The Origins of Halloween and Urban Legends Pepperdine Graphic
Graphic by Ali Levens
Carved pumpkin lanterns are set up outside the dorms, cobwebs and ghosts loom over the HAWC, and students go into a frenzy as they try to figure out what to dress. Alas, Halloween is here.
As we draw closer to the spooky day, the Pepperdine community embraces the holiday spirit. But how did this day come to be?
The holidays began as an ancient Celtic festival called Samhain – a fire festival to celebrate the end of summer and welcome the fall harvest.
In ancient Europe, the Celts believed that the barrier between the human world and the underworld could collapse during vacations, allowing spirits to roam around the earth. Therefore, on this day, people believed that if they lit bonfires and dressed in animal and monster costumes, they could drive spirits away. People would also fill bowls with food and place them outside their homes to make sure ghosts didn’t enter.
In the Middle Ages, the traditions of Samhain changed – this is where pumpkin lanterns come into the picture. Families would tie carved turnips to sticks with string and wrap them in charcoal to protect themselves from the spirits. Eventually, the Irish replaced these carved turnips with pumpkins, according to history.com.
In the 9th century, the traditions of Samhain were then adapted to the celebration of All Saints’ Day – a public holiday on November 1, Pope Gregory III appointed to honor all saints. All Hallows’ Eve refers to the day before, October 31, now commonly known as Halloween.
Halloween celebrations began in the Americas when Europeans migrated to New England and brought their beliefs and customs around the holiday. Settler communities celebrated the harvest by sharing stories of the dead, dancing and singing. People have adopted the tradition of dressing up and walking around neighborhoods asking for food or money – this has come to be known as trick-or-treat.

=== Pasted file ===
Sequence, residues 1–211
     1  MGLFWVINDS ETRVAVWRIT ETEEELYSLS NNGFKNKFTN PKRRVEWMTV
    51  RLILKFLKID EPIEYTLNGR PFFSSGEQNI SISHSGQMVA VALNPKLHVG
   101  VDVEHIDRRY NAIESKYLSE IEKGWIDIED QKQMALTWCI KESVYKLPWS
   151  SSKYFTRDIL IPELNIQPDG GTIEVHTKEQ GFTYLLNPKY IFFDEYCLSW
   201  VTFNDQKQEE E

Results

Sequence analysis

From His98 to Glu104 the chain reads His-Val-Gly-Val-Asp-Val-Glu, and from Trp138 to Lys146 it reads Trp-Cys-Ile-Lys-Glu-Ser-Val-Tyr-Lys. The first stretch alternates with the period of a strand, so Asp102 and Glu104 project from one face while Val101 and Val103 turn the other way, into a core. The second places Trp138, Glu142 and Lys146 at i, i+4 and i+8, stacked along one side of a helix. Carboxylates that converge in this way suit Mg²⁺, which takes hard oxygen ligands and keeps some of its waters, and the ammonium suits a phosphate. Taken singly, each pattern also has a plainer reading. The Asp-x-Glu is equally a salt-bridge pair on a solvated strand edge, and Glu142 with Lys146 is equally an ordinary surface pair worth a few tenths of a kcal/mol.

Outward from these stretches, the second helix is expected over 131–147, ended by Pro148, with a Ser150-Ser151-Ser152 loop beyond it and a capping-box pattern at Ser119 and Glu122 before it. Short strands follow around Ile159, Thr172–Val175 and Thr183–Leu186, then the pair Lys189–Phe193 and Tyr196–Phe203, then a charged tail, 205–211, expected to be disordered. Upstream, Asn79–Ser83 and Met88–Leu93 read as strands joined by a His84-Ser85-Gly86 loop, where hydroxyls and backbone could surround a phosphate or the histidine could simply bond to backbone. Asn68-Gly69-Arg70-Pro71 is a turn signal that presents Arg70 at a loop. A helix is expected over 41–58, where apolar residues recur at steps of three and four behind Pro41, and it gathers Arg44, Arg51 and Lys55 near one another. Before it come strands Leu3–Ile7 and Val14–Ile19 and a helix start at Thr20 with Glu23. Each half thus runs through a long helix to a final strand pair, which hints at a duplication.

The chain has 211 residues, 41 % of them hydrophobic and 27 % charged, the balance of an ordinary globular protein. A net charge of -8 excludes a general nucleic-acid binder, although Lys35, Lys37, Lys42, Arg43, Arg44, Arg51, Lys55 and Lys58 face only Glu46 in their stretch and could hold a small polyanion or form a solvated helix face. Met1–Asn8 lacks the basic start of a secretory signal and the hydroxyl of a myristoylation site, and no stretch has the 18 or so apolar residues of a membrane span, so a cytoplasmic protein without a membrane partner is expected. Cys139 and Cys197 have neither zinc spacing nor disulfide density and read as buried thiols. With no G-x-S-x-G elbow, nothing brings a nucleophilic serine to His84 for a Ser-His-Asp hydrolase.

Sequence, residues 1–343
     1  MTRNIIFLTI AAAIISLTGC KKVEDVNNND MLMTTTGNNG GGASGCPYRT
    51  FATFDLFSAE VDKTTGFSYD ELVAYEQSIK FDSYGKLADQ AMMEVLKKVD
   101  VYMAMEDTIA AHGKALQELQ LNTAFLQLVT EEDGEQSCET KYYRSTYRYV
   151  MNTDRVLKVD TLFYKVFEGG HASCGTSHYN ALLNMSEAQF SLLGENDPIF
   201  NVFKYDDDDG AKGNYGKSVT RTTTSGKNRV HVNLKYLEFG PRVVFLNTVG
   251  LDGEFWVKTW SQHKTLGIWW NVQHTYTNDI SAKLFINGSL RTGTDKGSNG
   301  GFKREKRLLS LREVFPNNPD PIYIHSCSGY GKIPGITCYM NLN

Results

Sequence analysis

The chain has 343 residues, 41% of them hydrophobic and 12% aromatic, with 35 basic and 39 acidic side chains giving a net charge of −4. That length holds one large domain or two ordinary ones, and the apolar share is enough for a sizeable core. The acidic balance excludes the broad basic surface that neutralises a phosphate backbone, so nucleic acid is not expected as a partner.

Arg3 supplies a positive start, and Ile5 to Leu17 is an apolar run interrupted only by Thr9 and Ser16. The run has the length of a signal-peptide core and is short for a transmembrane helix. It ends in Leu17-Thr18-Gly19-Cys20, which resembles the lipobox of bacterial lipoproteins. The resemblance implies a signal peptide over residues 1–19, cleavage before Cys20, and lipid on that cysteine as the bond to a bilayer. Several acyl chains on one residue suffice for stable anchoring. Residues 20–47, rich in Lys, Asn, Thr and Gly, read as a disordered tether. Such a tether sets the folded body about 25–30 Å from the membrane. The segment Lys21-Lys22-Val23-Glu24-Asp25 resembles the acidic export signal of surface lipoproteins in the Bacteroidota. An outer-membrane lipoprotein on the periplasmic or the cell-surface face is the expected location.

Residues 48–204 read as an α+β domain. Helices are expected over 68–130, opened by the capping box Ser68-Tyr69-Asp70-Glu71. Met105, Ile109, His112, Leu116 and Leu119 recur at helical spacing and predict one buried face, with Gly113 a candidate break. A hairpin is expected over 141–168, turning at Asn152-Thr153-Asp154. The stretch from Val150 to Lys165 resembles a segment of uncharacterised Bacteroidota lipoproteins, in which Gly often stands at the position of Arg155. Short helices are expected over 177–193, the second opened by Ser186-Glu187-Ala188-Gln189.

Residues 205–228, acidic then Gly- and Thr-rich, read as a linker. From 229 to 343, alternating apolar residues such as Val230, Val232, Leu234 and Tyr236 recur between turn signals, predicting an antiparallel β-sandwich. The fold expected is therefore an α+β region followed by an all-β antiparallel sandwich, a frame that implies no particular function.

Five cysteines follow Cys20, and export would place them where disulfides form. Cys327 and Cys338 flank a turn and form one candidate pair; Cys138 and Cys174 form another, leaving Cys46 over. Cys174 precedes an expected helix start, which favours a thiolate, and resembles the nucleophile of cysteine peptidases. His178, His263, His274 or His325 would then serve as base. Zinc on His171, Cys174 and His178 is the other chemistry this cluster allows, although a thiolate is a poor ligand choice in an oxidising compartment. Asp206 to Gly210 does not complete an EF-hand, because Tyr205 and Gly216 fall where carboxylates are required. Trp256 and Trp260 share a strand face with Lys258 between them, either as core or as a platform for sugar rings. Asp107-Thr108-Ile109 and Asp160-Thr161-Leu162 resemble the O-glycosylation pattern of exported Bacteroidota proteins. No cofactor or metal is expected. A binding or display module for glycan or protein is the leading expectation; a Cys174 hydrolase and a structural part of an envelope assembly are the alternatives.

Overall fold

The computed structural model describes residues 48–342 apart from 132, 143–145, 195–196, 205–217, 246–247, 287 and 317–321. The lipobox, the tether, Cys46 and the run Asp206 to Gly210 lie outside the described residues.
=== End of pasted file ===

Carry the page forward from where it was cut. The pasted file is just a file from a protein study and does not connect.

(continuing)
As Protestant beliefs spread across the United States, community leaders strived to make the holiday less frightening for children, so that it lost its roots in 20th century superstition and witchcraft.
Today, Halloween is a beloved holiday and is celebrated across the country through house parties, costume contests, candy bars, and carved pumpkins.
On Halloween, being afraid becomes exciting. People love to be scared and let loose by walking through haunted houses and mazes, watching horror movies, and telling scary stories. In fact, haunted houses generate around $ 500 million in ticket sales per year, according to americanhaunts.com.
Halloween stories are all about spotting witches in the woods, werewolves under a full moon, and zombies crawling out of graves – let’s take a look at some more urban legends.
One of the most famous urban legends is Slender Man. Slender Man is a tall haunting faceless figure lurking in black and white photos. This creepy creature is said to attract and kidnap people in secluded places, never to be seen again.
The myth emerged as a Creepypasta meme in 2009 when there was an online Photoshop image contest to create a supernatural story and a user created the viral creature known as Slender Man.
Another popular urban legend is the childhood tale of Bloody Mary. Rumor has it that if someone looks in a mirror and repeats “Blood Mary” three times, a bloody woman appears – sometimes holding a dead baby.
Some historians suspect that this woman is Queen Mary I of England, known as “Bloody Mary” because she accused 280 Protestants of heresy and ordered them to be burned at the stake, according to smithsonianmag.com. Mary also had a history of irregular menstrual cycles and miscarriages, which also adds meaning to her nickname.
In addition to telling spooky urban legends, students have the opportunity to participate in the Halloween festivities on campus.
An upcoming board event on campus is the Fall Farmer’s Market Festival on October 23 from 10 a.m. to 11:30 a.m. at the Lighthouse Patio.
“We will have booths featuring fall flower bouquets, pumpkin sprinkle cupcakes and squash bags,” according to the board’s October newsletter.
Students will also be able to buy apple cider to complete the fall atmosphere.
As Halloween approaches and when students are staying late to participate in party activities, be sure to be on the lookout for spooky figures lurking in the distance, spirits looming around dorms and creepy crawling spiders.
Follow the graphic on Twitter: @PeppGraphic
Email to Yamillah Hurtado: [email protected]
ghost festivities Halloween haunted house story jack-o “-lantern monsters Pepperdine Graphic Media Pumpkin trick-or-treat urban legends Yamillah Hurtado